Condiments

Making passata

March is my favourite time of year! Why? It’s where the abundance of tomatoes gets turned into passata! Turning tomatoes into sauce is what I look forward to every year. My brother-in-law grows the Roma tomatoes, garlic and basil (although the basil seeded before I could get my hands on some!) and I then turn those beautiful Romas into passata!

Making passata, or as some call it, tomato puree or sauce, is a great way to keep the tomatoes from your garden, in your kitchen all year round. I love adding my passata to spaghetti bolgnese, pasta napoli or pasta Capresse. It also comes in handy for adding sauce to your pizza base instead of using tomato paste. Having bottles of passata on hand is always great for adding into minestrone, enchiladas or even rice dishes. Passata is the next best thing to tinned tomatoes and beans to have in your pantry all year round.

My method of passata making is very nontraditional! I’m not even sure if any Italian family would call my sauce passata! I understand that the art of passata making is passed down from generation to generation, but this is the method that works for me. I’m not an army of people, I’m a one person show. But I must say, this passata tastes amazing and beats any store bought passata – ever!

Traditional passata is a whole day affair with the whole family. It’s made using fresh tomatoes, which are placed into a boiling water bath, skins, seeds and cores are removed. Placed into bottles with salt and basil and boiled for hours. I cook my tomatoes with garlic and a little oil, then strain and bottle. I always keep the pulp (tomato seeds and skin) for later use. Check out my post about not wasting anything when making passata #waronwaste #wastenothing

I have been making passata for the past four to five years now. I know the flavours are amazing and is definitely comparable to anything out there on the supermarket shelves.  I think in the time I’ve made passata, possibly one or two from each batch was spoilt due to the lid not being on properly.

Tip – if I don’t use a whole bottle in one go, I either leave it in the fridge for next time or place the leftover passata in a ziplock bag in the freezer to use. The sauce keeps really well in the pantry but it can also be frozen, in one or two cup lots – keeps in the freezer for well over 12 months.

When making passata, a lot of tomatoes get used. This year, the tomato haul was a whopping 29kgs (64 pounds) from my brother-in-laws veggie patch! None of us could believe that there was that many tomatoes! I found spending time in the garden very therapeutic and relaxing. I think we spent a good 45 minutes or so picking tomatoes. I’m getting into practice for when we have our own garden one day.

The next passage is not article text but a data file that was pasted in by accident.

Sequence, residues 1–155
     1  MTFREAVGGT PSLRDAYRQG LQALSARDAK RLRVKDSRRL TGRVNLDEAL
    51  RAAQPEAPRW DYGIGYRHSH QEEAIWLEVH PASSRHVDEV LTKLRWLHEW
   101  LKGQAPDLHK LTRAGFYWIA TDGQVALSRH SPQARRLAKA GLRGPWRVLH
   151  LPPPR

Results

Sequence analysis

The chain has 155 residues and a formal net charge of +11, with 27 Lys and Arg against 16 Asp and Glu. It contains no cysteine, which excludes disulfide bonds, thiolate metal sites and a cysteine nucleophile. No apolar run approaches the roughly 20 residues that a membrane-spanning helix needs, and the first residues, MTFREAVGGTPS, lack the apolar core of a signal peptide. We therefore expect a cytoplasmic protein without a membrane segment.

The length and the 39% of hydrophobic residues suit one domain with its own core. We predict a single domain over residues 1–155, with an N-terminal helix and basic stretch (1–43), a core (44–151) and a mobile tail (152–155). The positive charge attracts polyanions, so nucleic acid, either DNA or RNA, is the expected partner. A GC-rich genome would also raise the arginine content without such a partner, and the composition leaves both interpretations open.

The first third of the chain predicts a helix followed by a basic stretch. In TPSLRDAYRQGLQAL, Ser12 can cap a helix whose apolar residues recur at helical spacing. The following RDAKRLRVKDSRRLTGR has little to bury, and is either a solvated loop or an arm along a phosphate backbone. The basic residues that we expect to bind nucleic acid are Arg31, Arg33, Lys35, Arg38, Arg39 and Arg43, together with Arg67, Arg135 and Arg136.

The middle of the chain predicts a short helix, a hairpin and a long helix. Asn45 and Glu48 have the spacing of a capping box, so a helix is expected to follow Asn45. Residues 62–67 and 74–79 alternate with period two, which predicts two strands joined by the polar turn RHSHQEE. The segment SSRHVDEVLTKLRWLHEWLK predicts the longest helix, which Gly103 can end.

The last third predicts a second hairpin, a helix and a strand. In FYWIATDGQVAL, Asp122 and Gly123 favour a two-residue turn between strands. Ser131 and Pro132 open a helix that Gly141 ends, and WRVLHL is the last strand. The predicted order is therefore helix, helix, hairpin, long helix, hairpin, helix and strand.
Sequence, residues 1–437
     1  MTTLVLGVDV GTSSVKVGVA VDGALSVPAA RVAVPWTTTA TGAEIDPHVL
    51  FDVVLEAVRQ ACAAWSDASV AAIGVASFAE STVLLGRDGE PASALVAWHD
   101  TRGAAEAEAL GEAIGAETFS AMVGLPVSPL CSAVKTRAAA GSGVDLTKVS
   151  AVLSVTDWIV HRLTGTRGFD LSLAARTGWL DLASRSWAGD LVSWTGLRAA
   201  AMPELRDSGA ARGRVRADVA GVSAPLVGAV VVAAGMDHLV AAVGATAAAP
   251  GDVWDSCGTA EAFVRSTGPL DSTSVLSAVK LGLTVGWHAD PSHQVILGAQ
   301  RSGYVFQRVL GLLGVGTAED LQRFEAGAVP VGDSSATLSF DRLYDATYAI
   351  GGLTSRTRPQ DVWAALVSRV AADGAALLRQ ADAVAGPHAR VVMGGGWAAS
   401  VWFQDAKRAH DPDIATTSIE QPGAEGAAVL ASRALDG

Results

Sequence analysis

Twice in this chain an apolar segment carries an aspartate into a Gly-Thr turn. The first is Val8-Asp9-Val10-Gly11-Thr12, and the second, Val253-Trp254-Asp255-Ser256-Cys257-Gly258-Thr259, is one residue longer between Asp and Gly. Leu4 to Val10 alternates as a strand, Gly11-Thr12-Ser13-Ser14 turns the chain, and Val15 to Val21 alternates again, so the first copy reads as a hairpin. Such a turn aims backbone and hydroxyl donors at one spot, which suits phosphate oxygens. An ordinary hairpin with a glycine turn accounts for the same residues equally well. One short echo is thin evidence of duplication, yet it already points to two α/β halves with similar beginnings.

This recipe is for 10kgs (22 pounds) of tomatoes, which makes the recipe easier to divide or multiply depending on the quantity of tomatoes you have.

Tip – whenever using fruit to make sauces, jams or adding into dishes, always chop them in half or quarters before placing in the pan. This just ensures you don’t have any hidden surprises when cooking!

PREP: 1-1.5 hours    COOK: 1 hour & 45 minutes + 45 minutes    MAKES: 8.4 litres (12 x 700ml bottles)

INGREDIENTS:
1 tablespoon olive oil
2 heads garlic (75 grams)
10 kilograms Roma tomatoes, chopped in halves or quarters
1/4 cup sea salt

METHOD:
In the largest stock pot you have, see photo, heat olive oil on a low heat. Add the garlic and gently fry for 3-5 minutes, stirring often so the garlic doesn’t brown or stick to the pan.

Once fragrant, add the tomatoes and salt. Stir to combine and bring to a gentle boil. This can take anywhere from 30-45 minutes. Stir every 10 or so minutes to stop sticking.

Once the tomatoes are at a steady boil, reduce heat to low and simmer for one hour. Don’t forget to stir every so often.

Remove from heat and allow to cool before using a stick blender to blitz.

Using a fine holed colander (like this one that I use) or muslin cloth over your colander, strain the sauce into large containers. Do in batches if needed. Clean the saucepan, once emptied, as you’ll need to fill it with water for sterilising the bottled passta.

Tip – after straining the passata, don’t throw away the seeds and skin. I’ll share a recipe on how and what to use the seeds and skin for – stayed posted. Place them in a plastic zip lock bag in the fridge. #nowaste

At this stage, or earlier, sterilise your bottles or jars. Check out this page on how to sterilise bottles. Don’t forget to sterilise your funnel too – pouring boiled water from the kettle works perfectly! For this batch of passata, you’ll need about 12 x 700ml bottles.

Line up the bottles, place the funnel into the top of the first bottle. With a scoop, fill the bottle with sauce to the top. Place lid on and repeat the process for the remaining bottles / sauce.

With the stock pot, fill with as many bottles, and water, that will fit firmly. Tip – place a tea towel in the bottom of the pot to stop the bottles moving around and knocking against each other. (I’ve had this happen to me in one of my first batches. It’s not a pretty sight to see a pot full of passata and broken glass!)

Bring to the boil, then continue at a slow boil for 45 minutes to sterilise the passata. Allow the bottles to cool in the pot overnight before placing them in your pantry or dark cupboard. Don’t forget to date you sauce.

Use within 6-8 months.

Tip – As with any food that has been in storage for any period of time, if there’s any signs of spoilage, discard the bottle / jar. This should not be consumed.

1 comment on “Making passata

  1. Pingback: Using the leftover pulp from passata making – Miss Food Fairy

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